As we shown in sec 4.1, a periodic pulse train in time domain generally does not produce narrow band spectrum in frequency domain, but produces an intensity-modulated spectrum at the frequency of the inverse of the pulse period. To generate narrowband spectra, combinations of the frequency and amplitude of square-wave phase need to be adjusted to suppress unwanted higher harmonic components. Figure 6 shows the narrowband THz time-domain waveforms and their spectra from the laser-induced plasma obtained by simultaneous controls of square wave amplitude and frequency. Both the THz autocorrelation signals and the THz spectra are normalized. Generated THz narrowband waves produce a signal in the range of 10-15mV in a pyroelectric detector, whereas the THz wave generated from a transform-limited pulse produces a pyroelectric signal of 150mV. Shaped optical pulses have a lower electric field than transform-limited pulses with same energy. Hence, these narrowband THz waves generated from shaped optical pulses have lower energy than the corresponding THz waves generated from transform-limited pulses. The frequencies of periodic square phases for A to E are 15, 13, 10.4, 7.6 and 4.8THz respectively. A narrow band spectrum with no sideband can be obtained only when the multiple peaks in the time-domain THz pulse lie on the Gaussian envelope of the time domain pulse. The peak amplitude of the side pulses with respect to the central peak amplitude can be controlled by the amplitude of the periodic phase. Therefore, a proper choice of periodic phase amplitude ‘a’ suppresses the side-band. The changes in frequency of the periodic phase shift the central frequency of the THz wave and the amplitude of the square wave changes the relative amplitude of each pulse in the time-domain, hence changes side-bands in the frequency domain and a proper choice of amplitude suppresses the side-band. As the separation between time-domain pulses decrease from E to A (Fig. 6(a)), the central frequency of corresponding THz spectrum shifts towards the higher frequency from E to A (Fig. 6(b)). The central frequency was tuned from 2.5 to 7.5 THz. The maximum tunable frequency is limited by the bandwidth of the optical excitation pulses. In our experimental setup, the bandwidth is 12nm and the expected maximum center frequency is 8.0 THz. This value is close to the experimental value of 7.5THz. On the other hand, the lowest tunable frequency is theoretically limited by the width of pixels in the spatial light modulator, and 1 THz is expected in our pulse shaper setup. However, the experimental value of 2.5 THz is limited by the detector response which has low sensitivity in the low frequency region. The use of optical excitation pulses with broader bandwidth is expected to expand the tunable range of narrowband THz pulses. The bandwidth of the THz spectrum changes from 1.0 to 3.0 THz as the center frequency increases from E to A in Fig. 6 (b). The bandwidth of narrowband THz spectrum is governed by the width of the envelope of time domain THz pulse, and this increase is expected from the autocorrelation signals in Fig. 6(a). Therefore, a spectrum with higher central frequency (for example 7.5 THz, the red colored spectrum in Fig. 6(b)) generated using periodic phase with a higher value of ωφ, has larger spectrum width (~3 THz). This feature is specific to the square-wave phase pattern. The use of the higher-energy excitation optical pulses may increase the number of ionizing pulses in the pulse sequence, potentially reducing the bandwidth of the generated narrowband THz wave pulse.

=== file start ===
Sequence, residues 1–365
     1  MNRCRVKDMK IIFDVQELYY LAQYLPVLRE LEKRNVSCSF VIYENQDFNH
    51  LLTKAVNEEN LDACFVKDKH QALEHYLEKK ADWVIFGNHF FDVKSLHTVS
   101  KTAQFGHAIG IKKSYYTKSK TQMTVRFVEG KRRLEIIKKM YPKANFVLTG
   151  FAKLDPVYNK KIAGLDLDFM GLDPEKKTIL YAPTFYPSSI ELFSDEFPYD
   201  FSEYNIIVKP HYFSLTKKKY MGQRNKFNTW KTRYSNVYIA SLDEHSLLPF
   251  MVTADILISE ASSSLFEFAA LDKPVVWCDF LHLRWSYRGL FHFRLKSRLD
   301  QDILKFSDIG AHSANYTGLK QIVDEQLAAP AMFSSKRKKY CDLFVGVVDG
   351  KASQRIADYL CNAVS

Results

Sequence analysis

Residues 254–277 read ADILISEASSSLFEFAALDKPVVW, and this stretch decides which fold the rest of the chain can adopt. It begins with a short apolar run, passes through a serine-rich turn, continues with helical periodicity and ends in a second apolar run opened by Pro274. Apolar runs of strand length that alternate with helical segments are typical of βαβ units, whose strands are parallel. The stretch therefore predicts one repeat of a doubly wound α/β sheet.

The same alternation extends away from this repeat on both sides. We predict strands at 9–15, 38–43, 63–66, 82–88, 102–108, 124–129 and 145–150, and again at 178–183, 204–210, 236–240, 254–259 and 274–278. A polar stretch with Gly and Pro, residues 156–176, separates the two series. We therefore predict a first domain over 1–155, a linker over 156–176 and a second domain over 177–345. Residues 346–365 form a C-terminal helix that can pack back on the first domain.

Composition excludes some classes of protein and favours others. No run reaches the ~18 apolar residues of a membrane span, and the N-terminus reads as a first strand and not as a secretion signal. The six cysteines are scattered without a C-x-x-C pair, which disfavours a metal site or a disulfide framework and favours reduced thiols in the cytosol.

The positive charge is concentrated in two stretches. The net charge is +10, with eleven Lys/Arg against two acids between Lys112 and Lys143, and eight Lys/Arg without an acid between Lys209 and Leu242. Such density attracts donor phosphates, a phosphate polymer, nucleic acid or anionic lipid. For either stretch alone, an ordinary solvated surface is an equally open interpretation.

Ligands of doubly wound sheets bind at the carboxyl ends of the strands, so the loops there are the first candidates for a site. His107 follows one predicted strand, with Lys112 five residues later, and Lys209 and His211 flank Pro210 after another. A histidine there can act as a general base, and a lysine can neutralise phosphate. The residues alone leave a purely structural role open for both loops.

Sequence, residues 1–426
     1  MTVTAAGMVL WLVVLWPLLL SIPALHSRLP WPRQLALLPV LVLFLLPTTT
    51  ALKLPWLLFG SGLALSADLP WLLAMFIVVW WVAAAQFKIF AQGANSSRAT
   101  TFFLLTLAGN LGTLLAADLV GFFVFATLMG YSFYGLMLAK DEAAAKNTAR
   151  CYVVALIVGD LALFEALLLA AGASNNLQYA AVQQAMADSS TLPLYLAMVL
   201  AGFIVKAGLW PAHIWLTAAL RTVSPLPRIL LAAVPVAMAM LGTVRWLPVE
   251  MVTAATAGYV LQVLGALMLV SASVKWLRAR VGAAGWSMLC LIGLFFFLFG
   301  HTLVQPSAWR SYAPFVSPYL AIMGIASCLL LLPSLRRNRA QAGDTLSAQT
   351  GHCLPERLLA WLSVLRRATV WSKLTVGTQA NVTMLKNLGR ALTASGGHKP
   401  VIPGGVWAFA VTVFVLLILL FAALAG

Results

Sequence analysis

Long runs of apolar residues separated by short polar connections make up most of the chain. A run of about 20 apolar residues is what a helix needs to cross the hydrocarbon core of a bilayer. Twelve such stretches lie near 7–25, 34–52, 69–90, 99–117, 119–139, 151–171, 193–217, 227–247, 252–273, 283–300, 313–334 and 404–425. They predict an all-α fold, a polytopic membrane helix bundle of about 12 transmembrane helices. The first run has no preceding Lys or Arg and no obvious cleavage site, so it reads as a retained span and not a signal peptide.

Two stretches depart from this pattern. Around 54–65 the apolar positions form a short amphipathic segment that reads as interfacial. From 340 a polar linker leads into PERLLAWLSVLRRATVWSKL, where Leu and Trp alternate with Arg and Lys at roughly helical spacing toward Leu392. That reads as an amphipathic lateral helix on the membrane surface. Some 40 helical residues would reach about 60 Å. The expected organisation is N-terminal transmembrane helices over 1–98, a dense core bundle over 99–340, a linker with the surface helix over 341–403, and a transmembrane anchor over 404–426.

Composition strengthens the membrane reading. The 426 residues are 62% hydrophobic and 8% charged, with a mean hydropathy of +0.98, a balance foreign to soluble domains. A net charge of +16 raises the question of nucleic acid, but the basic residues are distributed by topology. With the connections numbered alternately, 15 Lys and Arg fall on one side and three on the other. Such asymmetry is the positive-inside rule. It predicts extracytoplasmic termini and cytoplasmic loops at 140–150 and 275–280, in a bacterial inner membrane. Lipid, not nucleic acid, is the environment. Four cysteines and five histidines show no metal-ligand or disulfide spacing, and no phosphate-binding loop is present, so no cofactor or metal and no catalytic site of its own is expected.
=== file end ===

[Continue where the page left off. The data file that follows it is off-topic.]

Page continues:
Tunable narrowband THz wave generation from various THz emitters has been reported, such as EO crystal (ZnTe), LiNbO3, and photoconductive switch using shaped optical pulses and the tunable range is from 0.5 to 2.0 THz, 0.8 to 2.5 THz, 0.5 to 3.0 THz, respectively [7,9,10] due to the phonon absorption in solid materials. We have demonstrated a wider tunable range of the narrowband THz spectrum (2.5 - 7.5 THz) using air plasma as a THz radiation source.
The shaped THz wave from gas plasma was generated using square wave phase patterns. Two parameters, the amplitude and frequency of square wave phase, were used to control the THz waveform and the characteristics of the generated THz wave, for each of parameters, were studied. The simulation results agree qualitatively with the experimental results of the amplitude and frequency dependences. The effect of the ionization threshold in pulse shaping was also demonstrated. Finally, tunable narrowband THz waveforms were generated in a broad frequency range from 2.5 to 7.5 THz. Both lower and upper frequency limits are due to experimental reasons, and are not fundamental limitations, unlike the case of solid-state THz emitters where phonon absorption limits the highest available frequency. Further experiments to resolve these limitations are now in progress.
This work is partially supported by the Office of Naval Research.